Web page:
|Class III Injection Wells|
|Commercial Geothermal Systems|
Environmental Data Gathering
for a Proposed Coal Mine
|Residential Geothermal Systems|
|Uranium (saturated zone)|
|Uranium (Unsaturated zone)|
State law requires that cores and samples from all wells and test borings drilled for oil and gas, subsurface minerals, and coal exploration be delivered without charge to the State Geologist. These cores and samples are stored at the Wilson M. Laird Core and Sample Library where they are used by industry, government and academic researchers.Contact: Julie LeFever (701)328-8000
Drilling for coal exploration or evaluation requires a permit and is regulated under Chapters 38-12.1 and 43-02-01 of the North Dakota Century and Administrative Codes, respectively. A report of findings must be filed with the State Geologist. Collectively, these reports comprise a database useful to private and government coal researchers and provide information necessary for geologic correlations and economic forecasting.General Rules and Regulations for the Exploration of Coal
Geothermal (ground source) heating and cooling systems require a permit and are regulated under Chapters 38-19 and 43-02-07 of the North Dakota Century and Administrative Codes, respectively. The permit review process helps to ensure that geothermal systems are properly designed and constructed, and minimizes the risk of groundwater contamination or other environmental problems.General Rules and Regulations for the Exploration, Development and Production of Geothermal Resources
Paleontological resources, on land owned by the State of North Dakota and its political subdivisions, are protected and managed under Chapters 54-17.3 and 43-04 of the North Dakota Century and Administrative Codes, respectively. A permit is required to investigate, excavate, collect, or otherwise record paleontological resources on these lands. The rules also provide a mechanism for monitoring paleontological activities on State lands, thereby providing information for State resources management plans.Paleontological General Rules and Regulations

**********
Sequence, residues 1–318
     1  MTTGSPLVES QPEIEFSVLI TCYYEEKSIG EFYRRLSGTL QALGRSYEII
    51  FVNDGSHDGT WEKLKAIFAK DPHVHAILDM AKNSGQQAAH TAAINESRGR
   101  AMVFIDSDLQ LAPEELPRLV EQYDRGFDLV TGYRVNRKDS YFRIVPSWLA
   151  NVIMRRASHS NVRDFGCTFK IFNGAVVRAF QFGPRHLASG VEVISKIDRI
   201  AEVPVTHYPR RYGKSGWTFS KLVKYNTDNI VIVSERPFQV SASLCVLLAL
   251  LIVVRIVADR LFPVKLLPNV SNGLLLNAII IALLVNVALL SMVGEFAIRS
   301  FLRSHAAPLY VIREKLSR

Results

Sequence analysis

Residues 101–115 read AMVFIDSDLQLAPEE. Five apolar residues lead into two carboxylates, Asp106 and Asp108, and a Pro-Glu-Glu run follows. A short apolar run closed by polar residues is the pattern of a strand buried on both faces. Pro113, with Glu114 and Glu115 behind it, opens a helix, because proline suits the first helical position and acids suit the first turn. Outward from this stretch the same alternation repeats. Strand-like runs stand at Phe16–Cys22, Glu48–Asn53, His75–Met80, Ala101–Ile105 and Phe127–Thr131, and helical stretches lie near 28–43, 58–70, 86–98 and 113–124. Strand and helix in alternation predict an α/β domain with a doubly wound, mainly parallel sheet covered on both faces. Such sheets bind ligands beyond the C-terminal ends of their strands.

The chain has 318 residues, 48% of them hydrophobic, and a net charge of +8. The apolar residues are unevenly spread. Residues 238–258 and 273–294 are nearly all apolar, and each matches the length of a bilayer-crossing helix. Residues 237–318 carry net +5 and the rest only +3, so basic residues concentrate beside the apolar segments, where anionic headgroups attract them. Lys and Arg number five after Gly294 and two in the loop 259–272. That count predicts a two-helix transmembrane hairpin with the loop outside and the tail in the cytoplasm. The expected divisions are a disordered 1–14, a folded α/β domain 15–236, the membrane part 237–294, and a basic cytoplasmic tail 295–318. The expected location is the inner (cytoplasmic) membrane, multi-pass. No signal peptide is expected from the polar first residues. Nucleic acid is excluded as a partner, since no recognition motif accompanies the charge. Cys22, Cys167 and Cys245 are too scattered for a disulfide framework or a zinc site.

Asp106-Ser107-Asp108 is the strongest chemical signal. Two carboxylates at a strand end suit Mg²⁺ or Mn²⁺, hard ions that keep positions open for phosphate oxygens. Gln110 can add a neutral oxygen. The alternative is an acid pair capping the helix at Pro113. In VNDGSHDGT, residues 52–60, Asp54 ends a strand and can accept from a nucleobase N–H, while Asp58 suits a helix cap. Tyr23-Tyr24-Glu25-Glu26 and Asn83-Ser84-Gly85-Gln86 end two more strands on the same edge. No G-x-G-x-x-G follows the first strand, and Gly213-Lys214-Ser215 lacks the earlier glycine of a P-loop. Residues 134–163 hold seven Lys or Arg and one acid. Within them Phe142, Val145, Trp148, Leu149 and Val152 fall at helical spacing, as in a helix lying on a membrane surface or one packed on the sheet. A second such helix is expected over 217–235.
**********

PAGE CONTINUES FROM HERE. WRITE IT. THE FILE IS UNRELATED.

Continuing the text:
The exploration, development and production of subsurface minerals requires a permit and is regulated under Chapters 38-12 and 43-02-02 of the North Dakota Century and Administrative Codes, respectively. These regulations cover many of the minerals not included in the oil and gas and coal regulatory programs.General Rules and Regulations for the Exploration, Development and Production of Subsurface Minerals
The disposal of fluids into Class III wells requires a permit and is regulated under Chapters 61-28 and 43-02-02.1 of the North Dakota Century and Administrative Codes, respectively. Class III wells are defined as those that inject fluids for the extraction of minerals or energy.General rules and regulations for Underground Injection Control
The mining of uranium by the in situ leach (isl) method requires a permit and is regulated under Chapters 38-12 and 43-02-02.2 of the North Dakota Century Code and Administrative Codes, respectively. This type of mining may also require permits from the North Dakota State Department of Health and the North Dakota State Water Commission and will require a license from the United States Nuclear Regulatory Commission.General rules and regulations for In Situ Leach Uranium mining
In addition to its own direct regulatory authority, the Geological Survey acts as an advisor, providing geological information to other state, local, and federal agencies to assist them in their regulatory duties. The Survey provides advice on waste disposal to the Department of Health and Consolidated Laboratories and on petroleum geology to the Oil and Gas Division. The Survey evaluates oil and gas lease sale lands for the North Dakota Land Department for possible impact on paleontological resources. The Survey is also an advisor to the U.S. Forest Service, Corps of Engineers, and Bureau of Land Management on issues regarding management of paleontological resources on these federally administered lands in North Dakota.
The State Geologist serves as an advisor on a number of boards, including the North Dakota Air Pollution Control Advisory Board, the Water Pollution Control Board, the Governor's Interagency Groundwater Task Force, the Lignite Research Council, the Western Coal Research and Development Council, and the Interstate Oil & Gas Compact Commission.